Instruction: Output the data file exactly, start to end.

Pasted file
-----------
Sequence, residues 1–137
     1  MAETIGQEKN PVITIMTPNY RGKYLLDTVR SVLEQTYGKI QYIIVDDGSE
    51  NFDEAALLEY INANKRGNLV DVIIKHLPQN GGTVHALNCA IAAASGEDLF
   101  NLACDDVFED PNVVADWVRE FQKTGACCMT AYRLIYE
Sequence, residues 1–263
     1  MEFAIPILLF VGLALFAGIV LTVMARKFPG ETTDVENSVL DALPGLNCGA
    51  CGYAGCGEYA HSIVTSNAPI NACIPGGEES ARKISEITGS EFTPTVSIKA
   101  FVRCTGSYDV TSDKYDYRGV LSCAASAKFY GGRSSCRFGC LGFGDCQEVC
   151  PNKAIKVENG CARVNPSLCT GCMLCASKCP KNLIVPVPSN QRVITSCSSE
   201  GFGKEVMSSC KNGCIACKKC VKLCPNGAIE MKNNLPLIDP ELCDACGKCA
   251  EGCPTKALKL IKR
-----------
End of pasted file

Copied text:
Sequence, residues 1–137
     1  MAETIGQEKN PVITIMTPNY RGKYLLDTVR SVLEQTYGKI QYIIVDDGSE
    51  NFDEAALLEY INANKRGNLV DVIIKHLPQN GGTVHALNCA IAAASGEDLF
   101  NLACDDVFED PNVVADWVRE FQKTGACCMT AYRLIYE
Sequence, residues 1–263
     1  MEFAIPILLF VGLALFAGIV LTVMARKFPG ETTDVENSVL DALPGLNCGA
    51  CGYAGCGEYA HSIVTSNAPI NACIPGGEES ARKISEITGS EFTPTVSIKA
   101  FVRCTGSYDV TSDKYDYRGV LSCAASAKFY GGRSSCRFGC LGFGDCQEVC
   151  PNKAIKVENG CARVNPSLCT GCMLCASKCP KNLIVPVPSN QRVITSCSSE
   201  GFGKEVMSSC KNGCIACKKC VKLCPNGAIE MKNNLPLIDP ELCDACGKCA
   251  EGCPTKALKL IKR